EPI Exploratory Study

The National Parks and Wildlife Service of the Department of Housing, Local Government and Heritage, and the Department of Agriculture, Food and the Marine have today (Thursday 20 October), of Ireland, published a report exploring the need for increased pan-European collaboration on peatlands restoration, conservation and sustainable management. The report summarises the findings of an exploratory study to discover how a European network could help overcome action and policy barriers for peatlands.

The exploratory study, supported by the United Nations Environment Programme’s Global Peatlands Initiative, built on momentum from the UN Climate Climate Change Conference (COP26) and responded to the call-to-action to deep-dive into whether a government-supported network could make a real difference for peatlands and to advance the discussions between ministers and experts.

Peatlands are carbon storage powerhouses, biodiversity champions, and important for climate change adaptation and mitigation. Damaged peatlands however become significant sources of carbon emissions. Although only 15% of the world’s peatlands have been degraded, this 3% of the world’s surface area contributes to more than 5% of human-caused CO2 emissions.

Ireland’s peatlands comprising of raised bog, blanket bogs and fens, are unique on a global and European scale with Ireland holding over 50% of the total habitat resource of raised bog and 99.9 % of that of blanket bog, within the EU Atlantic Biogeographic Zone.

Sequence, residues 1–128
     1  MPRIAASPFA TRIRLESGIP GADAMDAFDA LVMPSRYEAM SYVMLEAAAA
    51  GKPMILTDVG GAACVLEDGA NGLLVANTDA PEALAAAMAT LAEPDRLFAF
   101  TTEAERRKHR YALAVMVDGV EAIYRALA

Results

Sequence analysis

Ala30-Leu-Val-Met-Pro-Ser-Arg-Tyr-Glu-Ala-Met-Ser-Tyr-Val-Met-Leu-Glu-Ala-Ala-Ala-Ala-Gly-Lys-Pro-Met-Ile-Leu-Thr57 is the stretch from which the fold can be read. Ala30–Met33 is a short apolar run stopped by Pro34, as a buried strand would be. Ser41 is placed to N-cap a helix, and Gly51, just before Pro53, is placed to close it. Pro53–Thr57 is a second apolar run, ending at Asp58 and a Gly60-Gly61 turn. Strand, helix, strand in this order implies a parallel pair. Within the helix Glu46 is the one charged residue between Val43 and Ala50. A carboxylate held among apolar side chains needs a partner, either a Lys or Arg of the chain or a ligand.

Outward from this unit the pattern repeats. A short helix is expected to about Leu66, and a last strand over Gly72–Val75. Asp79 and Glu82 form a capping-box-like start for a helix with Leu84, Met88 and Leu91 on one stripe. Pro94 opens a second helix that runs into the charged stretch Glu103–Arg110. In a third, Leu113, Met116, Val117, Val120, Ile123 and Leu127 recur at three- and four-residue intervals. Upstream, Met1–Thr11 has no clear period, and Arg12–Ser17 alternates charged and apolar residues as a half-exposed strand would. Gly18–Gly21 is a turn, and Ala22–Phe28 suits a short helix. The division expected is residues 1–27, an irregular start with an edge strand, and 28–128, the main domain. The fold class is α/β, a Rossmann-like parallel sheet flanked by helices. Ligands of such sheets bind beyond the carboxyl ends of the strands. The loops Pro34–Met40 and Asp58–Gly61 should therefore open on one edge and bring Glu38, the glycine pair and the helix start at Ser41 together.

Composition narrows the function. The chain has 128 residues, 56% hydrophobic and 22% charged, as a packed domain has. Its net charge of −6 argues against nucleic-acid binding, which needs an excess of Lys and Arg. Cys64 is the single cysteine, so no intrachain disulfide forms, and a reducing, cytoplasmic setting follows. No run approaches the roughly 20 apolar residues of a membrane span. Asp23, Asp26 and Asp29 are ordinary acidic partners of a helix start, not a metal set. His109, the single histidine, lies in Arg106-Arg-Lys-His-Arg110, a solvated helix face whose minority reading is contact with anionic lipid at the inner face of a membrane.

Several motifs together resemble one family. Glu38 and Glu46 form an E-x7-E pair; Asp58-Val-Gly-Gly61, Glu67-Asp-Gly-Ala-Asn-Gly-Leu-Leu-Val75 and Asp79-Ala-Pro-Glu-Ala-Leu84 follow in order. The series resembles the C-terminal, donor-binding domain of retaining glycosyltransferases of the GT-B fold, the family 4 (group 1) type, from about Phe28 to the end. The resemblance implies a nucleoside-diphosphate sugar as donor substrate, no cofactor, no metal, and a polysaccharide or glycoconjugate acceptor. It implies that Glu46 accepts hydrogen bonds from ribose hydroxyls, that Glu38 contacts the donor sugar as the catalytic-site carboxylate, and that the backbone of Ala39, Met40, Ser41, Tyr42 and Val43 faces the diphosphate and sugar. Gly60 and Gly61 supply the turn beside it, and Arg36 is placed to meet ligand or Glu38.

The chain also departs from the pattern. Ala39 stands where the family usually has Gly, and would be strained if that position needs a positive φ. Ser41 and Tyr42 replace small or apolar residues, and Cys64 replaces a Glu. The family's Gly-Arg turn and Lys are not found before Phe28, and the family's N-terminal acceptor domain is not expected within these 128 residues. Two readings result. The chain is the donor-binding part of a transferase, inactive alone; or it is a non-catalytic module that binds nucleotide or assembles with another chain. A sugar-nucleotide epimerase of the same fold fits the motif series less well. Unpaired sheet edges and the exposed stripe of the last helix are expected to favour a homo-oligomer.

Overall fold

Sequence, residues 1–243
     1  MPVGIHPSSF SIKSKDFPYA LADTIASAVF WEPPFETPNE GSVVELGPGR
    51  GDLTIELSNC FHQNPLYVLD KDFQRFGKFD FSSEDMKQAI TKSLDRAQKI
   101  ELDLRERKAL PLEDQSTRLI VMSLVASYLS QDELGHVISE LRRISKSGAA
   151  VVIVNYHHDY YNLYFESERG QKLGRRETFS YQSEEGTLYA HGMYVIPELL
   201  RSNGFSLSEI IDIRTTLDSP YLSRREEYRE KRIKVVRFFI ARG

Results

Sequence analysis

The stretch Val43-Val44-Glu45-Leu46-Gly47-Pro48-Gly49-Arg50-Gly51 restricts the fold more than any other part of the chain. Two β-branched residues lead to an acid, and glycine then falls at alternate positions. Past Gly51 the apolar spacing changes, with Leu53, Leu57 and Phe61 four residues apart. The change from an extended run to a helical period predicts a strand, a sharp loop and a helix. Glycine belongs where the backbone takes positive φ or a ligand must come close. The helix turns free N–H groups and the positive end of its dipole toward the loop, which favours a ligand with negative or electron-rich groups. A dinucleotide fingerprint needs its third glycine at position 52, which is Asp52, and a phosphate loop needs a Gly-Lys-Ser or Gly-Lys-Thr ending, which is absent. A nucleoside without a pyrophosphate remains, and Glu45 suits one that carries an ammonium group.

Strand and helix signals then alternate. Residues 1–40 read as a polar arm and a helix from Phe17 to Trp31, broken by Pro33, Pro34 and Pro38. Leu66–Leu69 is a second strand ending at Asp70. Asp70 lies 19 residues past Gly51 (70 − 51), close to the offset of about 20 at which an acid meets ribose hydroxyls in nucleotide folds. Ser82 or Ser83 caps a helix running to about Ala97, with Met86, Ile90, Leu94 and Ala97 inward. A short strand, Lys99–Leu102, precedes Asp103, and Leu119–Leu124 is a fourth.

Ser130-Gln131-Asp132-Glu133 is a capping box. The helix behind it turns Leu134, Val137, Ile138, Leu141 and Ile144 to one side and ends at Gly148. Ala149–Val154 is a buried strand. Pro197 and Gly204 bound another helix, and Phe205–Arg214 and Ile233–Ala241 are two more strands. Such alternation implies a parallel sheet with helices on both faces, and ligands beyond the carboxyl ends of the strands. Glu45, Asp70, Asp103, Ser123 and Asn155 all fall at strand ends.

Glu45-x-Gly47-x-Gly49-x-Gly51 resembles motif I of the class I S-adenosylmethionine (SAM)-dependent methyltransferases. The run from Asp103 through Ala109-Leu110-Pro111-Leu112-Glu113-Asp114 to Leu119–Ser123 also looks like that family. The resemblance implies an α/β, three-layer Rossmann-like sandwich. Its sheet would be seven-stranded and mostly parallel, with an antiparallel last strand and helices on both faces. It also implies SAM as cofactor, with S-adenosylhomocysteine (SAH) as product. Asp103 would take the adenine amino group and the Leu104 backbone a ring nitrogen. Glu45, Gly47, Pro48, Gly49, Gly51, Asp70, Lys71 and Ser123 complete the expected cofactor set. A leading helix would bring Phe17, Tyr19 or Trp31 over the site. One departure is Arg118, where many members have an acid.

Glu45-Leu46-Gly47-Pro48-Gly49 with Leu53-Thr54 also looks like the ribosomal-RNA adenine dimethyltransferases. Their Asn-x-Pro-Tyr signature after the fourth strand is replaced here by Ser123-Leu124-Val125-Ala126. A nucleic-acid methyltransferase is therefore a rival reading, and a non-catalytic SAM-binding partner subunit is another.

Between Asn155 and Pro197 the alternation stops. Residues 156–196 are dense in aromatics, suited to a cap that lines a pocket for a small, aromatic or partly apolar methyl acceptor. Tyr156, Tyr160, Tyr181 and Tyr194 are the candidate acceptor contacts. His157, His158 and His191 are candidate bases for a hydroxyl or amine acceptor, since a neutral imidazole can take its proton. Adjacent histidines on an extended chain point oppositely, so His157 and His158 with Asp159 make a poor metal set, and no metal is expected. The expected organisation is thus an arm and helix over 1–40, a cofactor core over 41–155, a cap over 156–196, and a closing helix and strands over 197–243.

By rewetting and restoring peatlands they can be transformed from a carbon emission source into a healthy carbon sink, while maintaining their rich heritage beneath.

The National Parks and Wildlife Service (NPWS ) in Ireland is undertaking a significant programme of peatland restoration for protected raised bog Special Areas for Conservation and Natural Heritage Area across the country. In tandem with this, NPWS is leading the LIFE Integrated Project Wild Atlantic Nature project has a special focus on blanket bog across an area of over 250,000ha of ecologically and socially important habitats, stretching along the west coast of Ireland from south Galway to north Donegal.

The European Peatlands Initiative exploratory study involved over 150 stakeholders from the peatlands sector across Ireland and Europe. The aim of the study was to discover the key needs of Europe’s peatlands and to investigate if there were potential benefits that could accrue from cross- country collaboration on peatlands management.

It has been made clear from the study results that to reverse the loss of peatlands across Europe, and to ensure that they are conserved, restored and sustainably managed, all stakeholders must come together to accelerate action. Many of the participants agreed that in the midst of a global climate and biodiversity crisis collaborative action is vital and can help achieve the COP21 Paris Climate Change Agreement targets.

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